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New limits on foreign lecturers in Palestine

The Israeli decision makes it difficult for foreign lecturers and students to arrive at Palestinian universities in the occupied West Bank.

Jerusalem24 – The Israeli newspaper, Haaretz, reported today, Tuesday, that Israel will place new procedures and limitations concerning hiring lecturers from abroad to teach in Palestinian universities in the West Bank, as well as accepting students from different countries to study.

According to the newspaper, Israel will allow Palestinian universities to hire lecturers from abroad only if they will teach in the required fields and in which there is a shortage of educational staff. This will be done according to certain conditions, including that the lecturers and researchers are distinguished with at least a doctorate.

The professors will have to apply through Israeli consulates in the applicant’s country of origin. Israel has determined that only 100 foreign lecturers will be given visas.

The newspaper pointed out that these detailed provisions and others related to the categories of foreign nationals seeking to enter and reside in the West Bank are included in the permanent application files of the Israeli army, which were published last month and will enter into force next May.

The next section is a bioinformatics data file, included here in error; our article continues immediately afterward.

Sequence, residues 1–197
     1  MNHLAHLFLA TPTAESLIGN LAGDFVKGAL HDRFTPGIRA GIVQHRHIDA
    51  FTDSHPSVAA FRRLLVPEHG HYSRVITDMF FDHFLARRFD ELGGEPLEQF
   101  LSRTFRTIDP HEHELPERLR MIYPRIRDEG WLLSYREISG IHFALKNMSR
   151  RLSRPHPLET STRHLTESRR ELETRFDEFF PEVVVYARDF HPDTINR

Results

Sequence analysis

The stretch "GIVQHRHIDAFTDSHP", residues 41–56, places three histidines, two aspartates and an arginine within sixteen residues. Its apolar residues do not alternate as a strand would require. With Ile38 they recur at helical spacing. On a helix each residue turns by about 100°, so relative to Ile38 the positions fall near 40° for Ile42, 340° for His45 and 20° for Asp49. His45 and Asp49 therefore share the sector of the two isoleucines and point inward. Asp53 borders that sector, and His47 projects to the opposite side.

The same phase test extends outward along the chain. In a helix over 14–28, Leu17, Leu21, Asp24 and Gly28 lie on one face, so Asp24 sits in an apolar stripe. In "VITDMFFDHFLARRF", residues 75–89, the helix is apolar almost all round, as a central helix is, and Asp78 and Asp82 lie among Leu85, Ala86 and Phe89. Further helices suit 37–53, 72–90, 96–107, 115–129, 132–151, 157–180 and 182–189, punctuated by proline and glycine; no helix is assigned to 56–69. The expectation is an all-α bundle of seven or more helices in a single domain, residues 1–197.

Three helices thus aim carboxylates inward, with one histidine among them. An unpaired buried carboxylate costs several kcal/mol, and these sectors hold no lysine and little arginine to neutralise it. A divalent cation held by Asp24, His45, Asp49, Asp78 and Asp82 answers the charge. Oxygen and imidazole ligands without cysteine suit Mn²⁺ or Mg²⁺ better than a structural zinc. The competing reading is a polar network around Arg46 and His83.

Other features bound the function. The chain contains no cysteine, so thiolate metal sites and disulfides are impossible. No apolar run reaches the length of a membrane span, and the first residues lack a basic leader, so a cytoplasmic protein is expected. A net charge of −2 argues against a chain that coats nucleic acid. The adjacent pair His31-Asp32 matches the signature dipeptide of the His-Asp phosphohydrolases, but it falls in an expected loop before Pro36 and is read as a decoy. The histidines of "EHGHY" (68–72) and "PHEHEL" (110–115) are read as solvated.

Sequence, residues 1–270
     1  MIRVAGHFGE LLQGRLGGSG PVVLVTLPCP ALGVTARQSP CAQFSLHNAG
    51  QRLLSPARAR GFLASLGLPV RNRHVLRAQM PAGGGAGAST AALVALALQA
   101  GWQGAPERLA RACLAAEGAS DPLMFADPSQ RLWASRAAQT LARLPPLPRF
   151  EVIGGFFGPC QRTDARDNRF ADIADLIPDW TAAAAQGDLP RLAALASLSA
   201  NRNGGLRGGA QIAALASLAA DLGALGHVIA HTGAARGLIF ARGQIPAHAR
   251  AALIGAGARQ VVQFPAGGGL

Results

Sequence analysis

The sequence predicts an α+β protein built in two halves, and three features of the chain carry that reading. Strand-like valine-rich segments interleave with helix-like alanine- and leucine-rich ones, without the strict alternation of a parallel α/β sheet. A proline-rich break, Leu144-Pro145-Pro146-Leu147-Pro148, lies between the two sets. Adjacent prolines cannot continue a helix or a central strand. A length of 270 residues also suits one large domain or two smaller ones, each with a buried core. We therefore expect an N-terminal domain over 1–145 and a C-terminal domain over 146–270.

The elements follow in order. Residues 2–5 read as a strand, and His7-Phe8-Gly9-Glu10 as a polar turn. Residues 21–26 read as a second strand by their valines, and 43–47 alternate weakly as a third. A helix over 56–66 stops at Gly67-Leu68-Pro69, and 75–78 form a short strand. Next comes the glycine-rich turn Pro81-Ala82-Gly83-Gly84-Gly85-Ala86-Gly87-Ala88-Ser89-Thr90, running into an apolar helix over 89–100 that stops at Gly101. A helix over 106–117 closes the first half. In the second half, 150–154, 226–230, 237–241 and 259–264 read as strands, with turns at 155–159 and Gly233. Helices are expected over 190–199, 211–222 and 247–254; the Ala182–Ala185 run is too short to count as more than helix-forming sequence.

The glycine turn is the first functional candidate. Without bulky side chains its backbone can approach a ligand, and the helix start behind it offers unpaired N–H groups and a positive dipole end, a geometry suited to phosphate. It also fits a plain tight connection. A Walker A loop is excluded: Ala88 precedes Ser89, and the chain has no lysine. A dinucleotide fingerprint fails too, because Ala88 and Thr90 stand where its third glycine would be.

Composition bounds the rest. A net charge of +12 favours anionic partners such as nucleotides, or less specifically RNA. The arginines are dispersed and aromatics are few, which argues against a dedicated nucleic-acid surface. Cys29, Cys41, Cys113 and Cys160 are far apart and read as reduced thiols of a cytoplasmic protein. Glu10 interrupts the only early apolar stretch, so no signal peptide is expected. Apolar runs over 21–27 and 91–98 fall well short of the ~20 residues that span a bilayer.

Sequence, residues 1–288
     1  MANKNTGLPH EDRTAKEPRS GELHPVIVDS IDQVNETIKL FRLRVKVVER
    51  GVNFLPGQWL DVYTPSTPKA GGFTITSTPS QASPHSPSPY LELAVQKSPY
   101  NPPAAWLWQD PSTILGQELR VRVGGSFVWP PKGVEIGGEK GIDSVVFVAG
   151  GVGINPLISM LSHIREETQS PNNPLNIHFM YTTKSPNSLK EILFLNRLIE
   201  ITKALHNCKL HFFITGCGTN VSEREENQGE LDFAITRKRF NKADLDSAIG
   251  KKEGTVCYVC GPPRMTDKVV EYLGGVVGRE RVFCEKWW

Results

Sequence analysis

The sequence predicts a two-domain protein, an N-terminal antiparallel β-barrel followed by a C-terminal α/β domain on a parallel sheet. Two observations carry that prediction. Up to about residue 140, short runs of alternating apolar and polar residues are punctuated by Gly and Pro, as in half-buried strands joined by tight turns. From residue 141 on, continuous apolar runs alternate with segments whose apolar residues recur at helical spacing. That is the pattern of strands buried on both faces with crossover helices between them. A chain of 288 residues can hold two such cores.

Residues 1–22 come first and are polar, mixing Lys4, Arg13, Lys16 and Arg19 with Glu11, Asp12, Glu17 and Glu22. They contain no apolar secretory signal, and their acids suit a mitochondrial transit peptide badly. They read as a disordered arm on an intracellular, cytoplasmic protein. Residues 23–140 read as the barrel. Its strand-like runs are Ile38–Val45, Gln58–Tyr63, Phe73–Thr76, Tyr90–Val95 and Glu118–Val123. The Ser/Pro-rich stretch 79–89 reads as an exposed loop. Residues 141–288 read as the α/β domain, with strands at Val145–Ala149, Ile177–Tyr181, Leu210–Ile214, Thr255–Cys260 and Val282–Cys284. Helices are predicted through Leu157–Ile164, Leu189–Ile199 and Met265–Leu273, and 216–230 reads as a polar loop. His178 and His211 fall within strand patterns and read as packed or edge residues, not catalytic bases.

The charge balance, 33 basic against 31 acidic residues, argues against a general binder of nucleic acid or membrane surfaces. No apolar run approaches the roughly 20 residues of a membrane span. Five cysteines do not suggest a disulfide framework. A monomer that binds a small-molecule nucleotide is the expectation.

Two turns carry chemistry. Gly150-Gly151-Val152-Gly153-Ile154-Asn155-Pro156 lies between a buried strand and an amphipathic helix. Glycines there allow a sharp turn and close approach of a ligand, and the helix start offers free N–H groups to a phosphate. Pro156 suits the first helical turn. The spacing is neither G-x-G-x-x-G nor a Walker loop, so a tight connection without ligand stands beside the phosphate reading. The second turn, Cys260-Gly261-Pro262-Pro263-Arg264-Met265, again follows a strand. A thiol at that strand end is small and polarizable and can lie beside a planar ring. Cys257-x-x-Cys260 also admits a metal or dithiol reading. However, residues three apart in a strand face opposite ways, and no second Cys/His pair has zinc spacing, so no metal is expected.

According to the newspaper, the file titled “Procedures for Entry and Residence of Migrants in the West Bank” also limits the quota of the number of foreign students who will be allowed in Palestinian universities to 150. Each student will have to interview the Israeli representative office in their home country.

The newspaper pointed out that this new law, which was supposed to be a pilot for two years, was published after 15 years during which Israel gradually tightened its restrictions on the entry of citizens of countries friendly to Palestinians. It also targets the spouses of Palestinian residents and businessmen, lecturers, and students. This emphasis has been the subject of dozens of individual petitions to the Israeli Supreme Court over the years.

The newspaper says, “The hope was that the new procedure would respect the right of the Palestinians and their institutions to work according to their choice and their needs to develop economic, commercial and academic relations with other countries. In the civil and family life of Palestinians presented at the border crossing, the difficulty of their lives, and obtaining long-stay visas, which require applying several months in advance.”

The newspaper pointed out the suffering of applicants for long-stay visas, including businessmen and investors, as well as daughters and husbands, who are forced to pay exorbitant sums of money in exchange for being allowed to live in the West Bank.

Mohammad Hamayel

Ramallah based journalist, Mohammad graduated from Al-Quds University with a B.A. in Media and Television. He has covered the 2015 Jerusalem Intifada as well as the Great March of Return for international media outlets. currently an editor/presenter at Jerusalem24. A UN alumni and a follower of global events and politics, especially American affairs.

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